It is the biggest lottery of our lives: the neighborhood into which we are born.
If we win, we have better chances for success in our lives. If we lose, we start off life with minefields in front of us.
The odds: 64/36. The first number is the percentage of Memphis children born into families above poverty and the second is the percentage born into families below poverty.
Most of the 36 percent are found in what the Wharton administration calls Memphis’ “geography of poverty,” a distinct arc of need and neglect that runs from North Memphis to South Memphis and is connected by a strip of neighborhoods that runs parallel to downtown.
A few weeks ago, the TV news media were harping on 90 pregnant teenagers at Frayser High School while neglecting the fact that they were doing something right for their babies: staying in school. As Doug Imig at the Urban Child Institute said, “Education is a powerful prophylactic,” because women determined to graduate and go to college are much more likely to put off motherhood.
While Memphis focused on the 90 pregnant students and their babies, some 60,000 children were already living in poverty here who receive the message — every day in their quality of life and the quality of their schools — that they do not matter.
The Forbidden City
These children live in the Memphis few of us ever visit, a city within a city — a city of 150,000 equivalent in size to Chattanooga. This geography of poverty is awash with foreclosures, joblessness, crime, blight, welfare dependency, and issues that define intractable multigenerational indigence that is a birthright to about two out of five children born in Memphis.
The majority of the children in this “city” are born to single mothers and slightly more than half will drop out of school. Half of these children live in dire, grinding situations, with a family income of about $10,000 or less a year, and as adults, they will earn about half as much as middle-class children. Only 4 percent of the people in their neighborhoods worked full-time in the past 12 months and only 5 percent have college degrees.
At least 15 percent of the students in every grade of Memphis City Schools moves during the school year, and for ninth-graders, it climbs to almost 30 percent. The transient lifestyle aggravates their unequal start in life, preventing the support that comes from more stable educational and family environments.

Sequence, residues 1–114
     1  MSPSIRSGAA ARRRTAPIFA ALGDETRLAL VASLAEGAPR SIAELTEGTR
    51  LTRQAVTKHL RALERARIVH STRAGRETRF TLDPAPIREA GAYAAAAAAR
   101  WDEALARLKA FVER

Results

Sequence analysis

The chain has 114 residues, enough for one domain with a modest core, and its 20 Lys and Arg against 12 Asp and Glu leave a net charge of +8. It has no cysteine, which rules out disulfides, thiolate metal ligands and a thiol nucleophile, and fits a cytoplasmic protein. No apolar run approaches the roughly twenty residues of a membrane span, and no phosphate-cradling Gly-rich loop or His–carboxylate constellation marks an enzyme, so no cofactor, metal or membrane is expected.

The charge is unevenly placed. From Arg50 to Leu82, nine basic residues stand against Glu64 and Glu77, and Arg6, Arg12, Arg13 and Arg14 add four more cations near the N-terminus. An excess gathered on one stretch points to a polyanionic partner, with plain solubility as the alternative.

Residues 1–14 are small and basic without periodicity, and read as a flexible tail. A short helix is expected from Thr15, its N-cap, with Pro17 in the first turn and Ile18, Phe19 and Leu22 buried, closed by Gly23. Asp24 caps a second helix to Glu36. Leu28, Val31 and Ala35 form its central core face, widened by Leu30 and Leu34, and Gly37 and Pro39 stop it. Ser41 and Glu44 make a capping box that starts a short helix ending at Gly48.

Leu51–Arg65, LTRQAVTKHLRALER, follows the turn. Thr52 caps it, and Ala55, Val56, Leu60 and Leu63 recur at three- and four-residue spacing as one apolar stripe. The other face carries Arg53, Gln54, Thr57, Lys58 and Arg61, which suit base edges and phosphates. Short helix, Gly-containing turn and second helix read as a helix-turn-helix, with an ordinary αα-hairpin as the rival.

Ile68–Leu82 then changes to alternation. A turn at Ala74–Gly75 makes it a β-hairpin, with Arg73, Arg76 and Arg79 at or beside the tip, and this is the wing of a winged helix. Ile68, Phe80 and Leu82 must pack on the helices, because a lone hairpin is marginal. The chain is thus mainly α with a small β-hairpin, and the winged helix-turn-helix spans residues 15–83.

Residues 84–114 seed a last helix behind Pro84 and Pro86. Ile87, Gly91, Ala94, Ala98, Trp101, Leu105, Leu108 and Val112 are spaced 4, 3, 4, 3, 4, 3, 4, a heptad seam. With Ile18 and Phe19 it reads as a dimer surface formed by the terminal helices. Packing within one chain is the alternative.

Inside this geography of poverty, people die young: Mortality rates for African-American babies are three-and-a-half times higher than Caucasian babies, infants die at twice the rate of children across the U.S., and in seven zip codes, the mean age of death for African Americans is less than 56 years.
The densities of the neighborhoods are less than half of what they were in 1970, and in some census tracts, the density has fallen by two-thirds, increasing the cost and difficulty of providing public services, especially the social-net services that are crucial to these families.
In the end, it’s not surprising that many of the people cannot escape the grip of poverty. The surprise is that so many do.
Regardless of the outcome of the city referendum that would consolidate Memphis City Schools and Shelby County Schools, the future of these 60,000 at-risk children will largely shape the future of the region. That’s why it’s in every person’s enlightened self-interest to break the cycle that holds them.
In politics, triangulation is an ideological tactic mastered by President Clinton, but in Memphis, triangulation is the approach now being used to attack poverty. Flowing out of Mayor A C Wharton’s city-of-choice vision, which aspires to be a city where Memphis City Schools students are “treated as assets rather than as problems,” city government has begun programs to reduce homelessness and is working with New York City Mayor Michael Bloomberg’s program to award cash in return for specific actions and behaviors. Also, city government, two local foundations, and several community development corporations have created Community L.I.F.T. to turn around Memphis’ problem neighborhoods.
It’s been decades since this much attention, resources, and firepower have been focused on fighting the problems of poverty in Memphis. In the end, however, everyone on the front lines knows that the biggest obstacle to overcome is the thinking that nothing really can be done.
This post was previously printed in the March issue of Memphis magazine.